More Hikes Within 60 Miles of Boston
In case you’re wondering, these hike previews I’ve been feeding you are presented in the order in which I did the actual research hikes. The order in which they will appear in 60 Hikes Within 60 Miles: Boston is much different. They’re separated into categories (north of Boston, west of Boston, south of Boston, and so on), then presented in increasing distance from downtown Boston within each category.
#46 Old Town Hill
During the course of these research hikes, I’ve done plenty of two-fers (two hikes in one day). I also did a couple of three-fers, but those were painful. Old Town Hill is like a two-fer in and of itself. There are unique and cool hikes on both sides of Newman Road, which bisects the preserve. To the south, you hike through the Little River grass marshlands and to the north, you actually hike up and over Old Town Hill. Both sides are different, yet equally fantastic.
You get a little bit of everything on this hike—deep woods, walking along a pastoral field, grassy riverside marshlands, and an open field atop Old Town Hill from which you can actually see the ocean. It can be a nice long hike, or a quick jaunt with kids. And it is quite accessible.
#47 Plum Island—Hellcat Trail
Plum Island is always a special place to visit, especially the Parker River National Wildlife Refuge. It’s a far cry from the Oceanside beaches on the east side of the island that get wildly crowded on hot summer days. The refuge feels remote and isolated by comparison. If you’re particularly into birding or photography, you could spend a week here.
As this hike traverses across delicate dunes and sea grasses, it is almost entirely surfaced in a wooden deck walkway. That being the case, it’s virtually impossible to wander off trail. And that’s a good thing here, because you’re bound to be distracted by the beautiful dunescapes, marshlands and uniquely sculpted forest. This really is a peaceful and fairly easy hike. And while Plum Island certainly gets a lot of visitors during the middle of the summer, the farther out into the Parker River National Wildlife Refuge you go, it’s likely to be a bit less crowded.
#48 Sandy Point Reservation
Speaking of which, the Sandy Point Reservation is at the absolute end of the Parker River National Wildlife Refuge. From the far southern side of the tip of land, you can see the town of Ipswich across the river.
This is purely a beach hike, so it’s a perfect one for a nice warm summer day. This is one of few hikes (including Crane Beach) that you could do in bare feet. Build in some time before or after your hike to just kick back on the ample sand flats at Sandy Point. It invites you to relax and enjoy the potent combination of sea and sand.
And be sure to make time for lunch or dinner on Plum Island before you heave out. After spending some time on the Hellcat Trail or Sandy Point (or both), you’ll be ready for some nice local seafood at any of handful of pubs and restaurants closer to the center of Plum Island. If those are too packed, you have plenty of choices in Newburyport as well.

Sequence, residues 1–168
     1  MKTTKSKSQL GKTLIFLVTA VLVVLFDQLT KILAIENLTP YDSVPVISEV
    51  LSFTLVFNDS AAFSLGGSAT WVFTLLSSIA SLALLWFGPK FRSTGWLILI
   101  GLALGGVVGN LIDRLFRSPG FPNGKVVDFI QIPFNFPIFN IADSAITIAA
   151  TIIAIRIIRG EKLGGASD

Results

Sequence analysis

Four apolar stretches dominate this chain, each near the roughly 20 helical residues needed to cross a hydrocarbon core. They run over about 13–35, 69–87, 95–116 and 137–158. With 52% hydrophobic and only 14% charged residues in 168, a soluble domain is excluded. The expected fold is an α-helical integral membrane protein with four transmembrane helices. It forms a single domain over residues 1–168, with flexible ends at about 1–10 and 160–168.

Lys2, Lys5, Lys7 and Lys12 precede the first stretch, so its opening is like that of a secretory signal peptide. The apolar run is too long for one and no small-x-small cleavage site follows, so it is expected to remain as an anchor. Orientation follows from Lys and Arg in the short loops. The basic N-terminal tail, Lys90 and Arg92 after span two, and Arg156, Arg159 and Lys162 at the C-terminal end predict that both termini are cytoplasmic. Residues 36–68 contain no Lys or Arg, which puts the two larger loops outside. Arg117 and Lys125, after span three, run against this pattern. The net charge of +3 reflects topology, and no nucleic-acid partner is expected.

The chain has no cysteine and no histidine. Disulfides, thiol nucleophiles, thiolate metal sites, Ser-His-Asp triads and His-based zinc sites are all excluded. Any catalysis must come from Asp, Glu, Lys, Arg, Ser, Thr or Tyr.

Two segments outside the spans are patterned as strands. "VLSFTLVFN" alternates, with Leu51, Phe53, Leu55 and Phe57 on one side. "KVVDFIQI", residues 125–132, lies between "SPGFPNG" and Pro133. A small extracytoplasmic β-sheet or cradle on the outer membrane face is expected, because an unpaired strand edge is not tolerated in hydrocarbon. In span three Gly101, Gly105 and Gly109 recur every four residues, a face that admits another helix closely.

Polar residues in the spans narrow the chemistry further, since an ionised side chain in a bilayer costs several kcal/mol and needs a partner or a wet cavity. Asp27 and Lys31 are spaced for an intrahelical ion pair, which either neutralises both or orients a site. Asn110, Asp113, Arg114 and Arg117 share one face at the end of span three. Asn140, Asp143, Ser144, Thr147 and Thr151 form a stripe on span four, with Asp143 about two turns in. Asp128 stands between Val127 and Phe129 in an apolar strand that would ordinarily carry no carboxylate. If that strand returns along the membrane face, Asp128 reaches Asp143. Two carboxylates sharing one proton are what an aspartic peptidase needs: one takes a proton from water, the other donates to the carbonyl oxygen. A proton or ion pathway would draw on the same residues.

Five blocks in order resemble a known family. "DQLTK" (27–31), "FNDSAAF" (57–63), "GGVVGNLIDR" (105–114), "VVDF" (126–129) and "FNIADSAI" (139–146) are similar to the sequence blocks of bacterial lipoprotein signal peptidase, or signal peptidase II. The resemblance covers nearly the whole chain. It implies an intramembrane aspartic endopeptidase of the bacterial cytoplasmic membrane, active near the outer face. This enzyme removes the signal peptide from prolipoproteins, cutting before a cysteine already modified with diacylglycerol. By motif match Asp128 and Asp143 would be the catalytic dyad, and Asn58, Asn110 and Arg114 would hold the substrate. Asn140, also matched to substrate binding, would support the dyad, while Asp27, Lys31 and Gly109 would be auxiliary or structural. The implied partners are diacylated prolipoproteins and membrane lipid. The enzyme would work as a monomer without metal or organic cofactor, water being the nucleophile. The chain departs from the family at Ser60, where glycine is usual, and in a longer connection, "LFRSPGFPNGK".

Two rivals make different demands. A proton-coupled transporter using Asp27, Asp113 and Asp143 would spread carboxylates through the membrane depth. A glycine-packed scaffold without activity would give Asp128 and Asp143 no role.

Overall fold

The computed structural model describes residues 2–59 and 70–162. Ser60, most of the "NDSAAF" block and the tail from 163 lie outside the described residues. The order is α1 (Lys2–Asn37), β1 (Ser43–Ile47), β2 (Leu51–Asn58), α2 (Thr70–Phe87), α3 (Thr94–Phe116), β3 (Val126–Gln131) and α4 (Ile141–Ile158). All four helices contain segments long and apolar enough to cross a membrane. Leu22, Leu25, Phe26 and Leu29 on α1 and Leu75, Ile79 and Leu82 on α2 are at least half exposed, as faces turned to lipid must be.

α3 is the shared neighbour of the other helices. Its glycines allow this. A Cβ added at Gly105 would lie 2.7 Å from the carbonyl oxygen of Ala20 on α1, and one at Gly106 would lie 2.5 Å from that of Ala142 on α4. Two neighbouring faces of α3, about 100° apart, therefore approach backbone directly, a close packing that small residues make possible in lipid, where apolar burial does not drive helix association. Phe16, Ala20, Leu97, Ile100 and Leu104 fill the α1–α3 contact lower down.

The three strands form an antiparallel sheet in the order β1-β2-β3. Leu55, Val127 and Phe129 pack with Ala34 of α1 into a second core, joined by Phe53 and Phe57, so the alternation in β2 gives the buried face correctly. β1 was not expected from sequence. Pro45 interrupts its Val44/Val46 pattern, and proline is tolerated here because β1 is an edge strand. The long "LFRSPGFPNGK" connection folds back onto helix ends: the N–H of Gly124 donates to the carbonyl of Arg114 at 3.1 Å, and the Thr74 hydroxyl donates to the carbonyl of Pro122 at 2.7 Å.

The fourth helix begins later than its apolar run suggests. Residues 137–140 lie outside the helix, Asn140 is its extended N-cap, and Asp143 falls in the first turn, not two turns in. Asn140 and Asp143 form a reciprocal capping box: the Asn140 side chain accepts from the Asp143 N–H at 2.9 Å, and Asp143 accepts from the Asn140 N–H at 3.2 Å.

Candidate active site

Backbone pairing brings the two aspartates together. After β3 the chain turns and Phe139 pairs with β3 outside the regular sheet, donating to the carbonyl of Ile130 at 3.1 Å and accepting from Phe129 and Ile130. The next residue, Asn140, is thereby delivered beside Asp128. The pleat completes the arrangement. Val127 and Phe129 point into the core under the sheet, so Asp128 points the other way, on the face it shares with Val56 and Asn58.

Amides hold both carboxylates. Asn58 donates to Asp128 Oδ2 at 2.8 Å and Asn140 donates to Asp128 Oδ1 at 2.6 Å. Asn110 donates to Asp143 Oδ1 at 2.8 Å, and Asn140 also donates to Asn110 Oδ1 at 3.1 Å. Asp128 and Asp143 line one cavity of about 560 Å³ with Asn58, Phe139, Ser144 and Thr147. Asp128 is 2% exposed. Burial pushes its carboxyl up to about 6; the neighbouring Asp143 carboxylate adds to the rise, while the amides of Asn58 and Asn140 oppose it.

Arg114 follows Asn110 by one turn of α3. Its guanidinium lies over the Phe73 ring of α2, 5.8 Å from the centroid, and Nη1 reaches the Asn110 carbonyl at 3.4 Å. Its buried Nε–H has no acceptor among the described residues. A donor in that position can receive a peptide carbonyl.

#49 Mount Wachusett
I was particularly looking forward to the Mount Wachusett hike. I ski there all time during the winter. And I knew the whole reservation had a huge network of hiking trails winding around the mountain. It is cool seeing Waa (as we call it) not only in the summer, but also during the day. I tend to mostly go night skiing there.
When I logged this hike for the book research, I was joined by my good friend Brian Merritt (who actually just goes by Merritt—call him Brian and you’re likely to get a blank stare). That made sense, since he’s often on the chairlift with me when I’m there for night skiing, or sitting next to me in the Black Diamond pub during and after night skiing.
Wachusett isn’t a huge mountain, but it feels a lot bigger hiking up and around the backside that it does when you’re being ferried to the top in a high-speed chairlift! There’s a spectacular sense of diversity to the trails and the forests (including an old growth forest) around Wachusett. This mountain will always be a special place for me. I have been coming here for decades—and will certainly continue to do so!
#50 Upton State Forest
Upton State Forest is a classic combo of wide-fire road type trails and twisty narrow hiking trails. The centerpiece is certainly the swampy and scenic Dean Pond! Upton is not surprisingly in the town of Upton, just west of the Route 495 belt. It’s a bit farther from Boston that a lot of the other hikes, in the same company as Mount Wachusett and Mount Watatic. But since Upton is fairly small town, you are quite likely to have the forest to yourself.
As with all the hikes, arm yourself with a map. Follow the prescribed hike if you’d like, but by all means heave off exploring on your own. There were several spots while hiking through Upton State Forest that just stopped me in my tracks—a particularly beautiful grove of trees, some cool rock formations, and of course the waters and trees in and around Dean Pond. It might be a bit of a stretch to call it a pond, but it does sound better than Dean Swamp. I hiked out there on a raw early fall afternoon, and being a winter freak, I could only imagine coming back there on snowshoes and chilling by the side of the pond with a thermos full of Irish coffee.
Upton State Forest is one of the new hikes going into 60 Hikes Within 60 Miles of Boston. The next couple of posts here will detail my experiences with the rest of the new hikes. That’s part of the deal with a new edition—update the existing hikes, take out a few marginal ones, and add in some new ones. That was kinda the most fun part. Let me know how you enjoy them.